It might seem that TPL and TGL are at loggerheads with irreconcilable views.
But that’s only because we are still talking in generalities; we haven’t yet gotten precise.
Let’s fix that. To answer the question of “how to catch kids up,” we need to ask at least three questions. First, how old are the students we’re thinking about? Second, which subject? And third, how far behind are they? Because the best path forward is going to look very different depending on the answers.
Consider some recent commentary on this topic. The other day in The 74, two captains of Team Grade Level Standards—David Steiner and Dan Weisberg—made a great argument for their view using high school English as their example.
You are a tenth grade English language arts teacher in Urban City, USA. Your curriculum says teach George Orwell’s novel 1984, but half your class lacks the vocabulary and interpretive skills to read the book. So, following your training to differentiate your teaching, you ask those students to read Lois Lowry’s The Giver instead—a seventh-grade text you think they’ll be able to manage…
Imagine that instead of assigning half the class The Giver, the teacher decided that no student was going to miss out on reading 1984. That teacher would have to do focused work with the less-prepared students: They might be asked to watch the movie rendition or listen to the book on tape; they might need to review plot guides or digital editions of early chapters with embedded vocabulary help and synopses. The key is that these interventions happen just before the whole class encounters the text. Done right, they can give students who’ve fallen behind access to grade-level materials at the same time as their peers.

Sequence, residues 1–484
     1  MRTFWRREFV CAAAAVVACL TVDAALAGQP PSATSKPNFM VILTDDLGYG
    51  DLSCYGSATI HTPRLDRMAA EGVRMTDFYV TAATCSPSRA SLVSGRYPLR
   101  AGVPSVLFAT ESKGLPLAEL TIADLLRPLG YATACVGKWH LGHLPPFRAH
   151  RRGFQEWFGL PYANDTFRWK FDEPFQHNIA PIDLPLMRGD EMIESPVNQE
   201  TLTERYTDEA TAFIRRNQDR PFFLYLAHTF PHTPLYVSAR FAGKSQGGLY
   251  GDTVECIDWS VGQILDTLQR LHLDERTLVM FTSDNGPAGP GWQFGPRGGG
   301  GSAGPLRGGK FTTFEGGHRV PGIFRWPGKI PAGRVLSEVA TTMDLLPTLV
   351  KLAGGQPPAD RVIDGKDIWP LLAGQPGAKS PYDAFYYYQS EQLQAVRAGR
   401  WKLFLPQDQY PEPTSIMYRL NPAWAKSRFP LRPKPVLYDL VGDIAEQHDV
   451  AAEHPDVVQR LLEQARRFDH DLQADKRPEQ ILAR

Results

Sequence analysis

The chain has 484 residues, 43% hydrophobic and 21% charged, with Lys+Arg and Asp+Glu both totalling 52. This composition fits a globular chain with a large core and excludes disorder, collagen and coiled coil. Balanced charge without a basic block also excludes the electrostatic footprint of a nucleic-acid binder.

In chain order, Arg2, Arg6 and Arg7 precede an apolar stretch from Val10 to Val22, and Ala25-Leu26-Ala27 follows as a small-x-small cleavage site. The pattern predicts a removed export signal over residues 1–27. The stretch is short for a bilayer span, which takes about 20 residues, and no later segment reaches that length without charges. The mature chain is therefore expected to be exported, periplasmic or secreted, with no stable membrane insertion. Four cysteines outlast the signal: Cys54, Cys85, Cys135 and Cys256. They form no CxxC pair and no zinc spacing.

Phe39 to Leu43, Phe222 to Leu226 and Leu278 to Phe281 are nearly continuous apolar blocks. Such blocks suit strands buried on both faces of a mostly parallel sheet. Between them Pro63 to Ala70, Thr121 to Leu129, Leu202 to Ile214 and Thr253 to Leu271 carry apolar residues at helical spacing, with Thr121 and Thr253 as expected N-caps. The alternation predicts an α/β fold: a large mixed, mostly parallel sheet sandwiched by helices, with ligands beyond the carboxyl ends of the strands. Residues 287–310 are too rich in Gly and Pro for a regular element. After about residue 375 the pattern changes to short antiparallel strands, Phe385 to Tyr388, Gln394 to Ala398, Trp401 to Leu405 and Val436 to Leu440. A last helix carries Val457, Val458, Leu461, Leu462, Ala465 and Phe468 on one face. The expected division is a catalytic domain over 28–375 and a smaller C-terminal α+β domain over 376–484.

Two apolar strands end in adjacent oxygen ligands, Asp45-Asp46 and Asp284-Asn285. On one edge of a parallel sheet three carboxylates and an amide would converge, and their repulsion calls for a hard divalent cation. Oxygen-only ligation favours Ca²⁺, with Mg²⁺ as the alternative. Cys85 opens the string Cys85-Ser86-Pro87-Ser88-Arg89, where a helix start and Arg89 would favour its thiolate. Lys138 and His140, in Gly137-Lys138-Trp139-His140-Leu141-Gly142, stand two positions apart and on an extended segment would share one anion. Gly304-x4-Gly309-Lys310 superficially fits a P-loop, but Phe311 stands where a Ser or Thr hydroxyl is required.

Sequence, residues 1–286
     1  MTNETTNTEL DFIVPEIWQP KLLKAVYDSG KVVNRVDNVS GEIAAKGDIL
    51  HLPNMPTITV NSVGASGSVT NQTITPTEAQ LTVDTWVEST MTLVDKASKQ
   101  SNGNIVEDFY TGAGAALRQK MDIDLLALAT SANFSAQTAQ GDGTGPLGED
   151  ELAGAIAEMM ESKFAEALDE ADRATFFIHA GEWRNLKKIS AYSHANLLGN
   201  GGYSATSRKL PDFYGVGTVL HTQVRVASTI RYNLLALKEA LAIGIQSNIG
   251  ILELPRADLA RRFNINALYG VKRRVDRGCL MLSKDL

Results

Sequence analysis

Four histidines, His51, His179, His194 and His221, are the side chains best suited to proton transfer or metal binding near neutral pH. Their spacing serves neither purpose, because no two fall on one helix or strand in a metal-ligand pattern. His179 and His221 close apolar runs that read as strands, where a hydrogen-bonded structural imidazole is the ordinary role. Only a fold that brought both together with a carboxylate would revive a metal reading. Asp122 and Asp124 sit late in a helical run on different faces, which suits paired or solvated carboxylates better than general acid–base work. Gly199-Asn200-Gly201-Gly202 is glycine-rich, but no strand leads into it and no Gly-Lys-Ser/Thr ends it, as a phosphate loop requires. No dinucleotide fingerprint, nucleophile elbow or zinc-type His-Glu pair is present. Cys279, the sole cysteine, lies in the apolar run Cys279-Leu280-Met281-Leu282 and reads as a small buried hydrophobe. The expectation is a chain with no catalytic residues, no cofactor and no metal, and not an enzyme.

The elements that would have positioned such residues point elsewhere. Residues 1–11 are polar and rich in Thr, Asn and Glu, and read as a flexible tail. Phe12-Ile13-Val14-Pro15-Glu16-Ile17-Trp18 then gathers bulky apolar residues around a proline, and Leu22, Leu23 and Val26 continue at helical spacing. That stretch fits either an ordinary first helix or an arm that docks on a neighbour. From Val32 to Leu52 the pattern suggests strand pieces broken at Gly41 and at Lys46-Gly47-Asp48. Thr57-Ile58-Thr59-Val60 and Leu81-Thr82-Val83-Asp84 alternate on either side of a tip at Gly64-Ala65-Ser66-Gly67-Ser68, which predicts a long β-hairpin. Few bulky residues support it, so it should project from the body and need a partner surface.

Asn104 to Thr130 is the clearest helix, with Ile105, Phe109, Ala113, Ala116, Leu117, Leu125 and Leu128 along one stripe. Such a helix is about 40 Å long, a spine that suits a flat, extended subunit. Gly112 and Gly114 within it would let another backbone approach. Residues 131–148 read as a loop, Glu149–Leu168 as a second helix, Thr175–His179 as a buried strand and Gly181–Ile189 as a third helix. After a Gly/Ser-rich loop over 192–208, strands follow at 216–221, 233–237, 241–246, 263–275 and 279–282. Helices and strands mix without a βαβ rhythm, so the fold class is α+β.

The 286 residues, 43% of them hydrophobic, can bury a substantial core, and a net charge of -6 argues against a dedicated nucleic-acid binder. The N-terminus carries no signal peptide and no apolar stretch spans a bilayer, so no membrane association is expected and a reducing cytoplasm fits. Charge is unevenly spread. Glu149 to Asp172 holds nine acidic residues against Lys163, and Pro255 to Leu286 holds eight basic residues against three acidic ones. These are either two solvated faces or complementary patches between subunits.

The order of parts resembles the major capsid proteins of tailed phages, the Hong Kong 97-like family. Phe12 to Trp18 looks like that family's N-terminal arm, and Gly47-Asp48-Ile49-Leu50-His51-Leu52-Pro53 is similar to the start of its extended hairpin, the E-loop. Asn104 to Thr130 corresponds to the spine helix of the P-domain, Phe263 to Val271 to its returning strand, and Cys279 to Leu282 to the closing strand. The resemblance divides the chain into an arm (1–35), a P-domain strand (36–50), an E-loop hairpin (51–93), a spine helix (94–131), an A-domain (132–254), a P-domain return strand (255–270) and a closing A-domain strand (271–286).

Meanwhile, one of the captains of Team Personalized Learning—Joel Rose—has been making a strong argument using middle school math as his example:
Imagine that you’re a sixth-grade math teacher. It’s the first day of school, and the vast majority of your students arrived multiple years behind where they should be. Your job is to teach them concepts such as understanding percentages and dividing fractions. Both will appear on the sixth-grade state test, but your students never successfully learned much of anything about the basics of fractions in fourth and fifth grade.
What would you do?
Would you try to go back and address their unfinished learning from prior years and run the risk of not having enough time to cover all of the sixth-grade-level material? Or would you march dutifully through grade-level content and try to fill in gaps where you can, knowing that it probably won’t be enough?
Isn’t it possible that they’re both right? (Indeed, Weisberg and Rose co-authored a piece last year finding much common ground, and arguing that a combination of grade-level work and “filling in the gaps” is often the right move.)
Isn’t it likely that it depends on the subject matter and which specific knowledge and skills we’re addressing?
Given that there is a clear progression of standards in math, it makes a ton of sense that students will struggle if their understanding of prerequisites is faulty—especially when gaps are enormous. No amount of “supports” and “scaffolding” is going to magically make that problem go away. So we should encourage teachers to go back and help kids fill in the holes—while also helping students make progress on grade level material.